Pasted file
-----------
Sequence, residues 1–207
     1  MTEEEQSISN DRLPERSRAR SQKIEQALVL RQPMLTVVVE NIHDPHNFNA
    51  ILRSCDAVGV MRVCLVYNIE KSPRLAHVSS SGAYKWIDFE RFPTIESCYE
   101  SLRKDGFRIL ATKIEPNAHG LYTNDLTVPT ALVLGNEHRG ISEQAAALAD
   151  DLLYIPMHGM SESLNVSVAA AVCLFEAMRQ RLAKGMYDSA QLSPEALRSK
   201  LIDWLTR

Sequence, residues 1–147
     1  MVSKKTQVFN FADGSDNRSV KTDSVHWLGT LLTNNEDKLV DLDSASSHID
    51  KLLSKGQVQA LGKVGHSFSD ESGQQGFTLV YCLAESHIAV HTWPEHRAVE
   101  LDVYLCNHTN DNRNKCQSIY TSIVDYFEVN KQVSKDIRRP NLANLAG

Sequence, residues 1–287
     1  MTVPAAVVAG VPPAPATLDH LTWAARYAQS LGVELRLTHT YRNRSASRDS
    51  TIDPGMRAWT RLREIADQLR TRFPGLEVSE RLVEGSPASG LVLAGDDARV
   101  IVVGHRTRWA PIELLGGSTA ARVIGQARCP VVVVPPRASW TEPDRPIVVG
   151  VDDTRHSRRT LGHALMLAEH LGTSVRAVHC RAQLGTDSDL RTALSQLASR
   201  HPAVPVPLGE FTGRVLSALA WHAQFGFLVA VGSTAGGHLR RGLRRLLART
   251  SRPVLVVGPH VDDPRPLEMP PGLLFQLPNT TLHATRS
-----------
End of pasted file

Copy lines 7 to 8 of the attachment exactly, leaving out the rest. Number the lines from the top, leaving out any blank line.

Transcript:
Sequence, residues 1–147
     1  MVSKKTQVFN FADGSDNRSV KTDSVHWLGT LLTNNEDKLV DLDSASSHID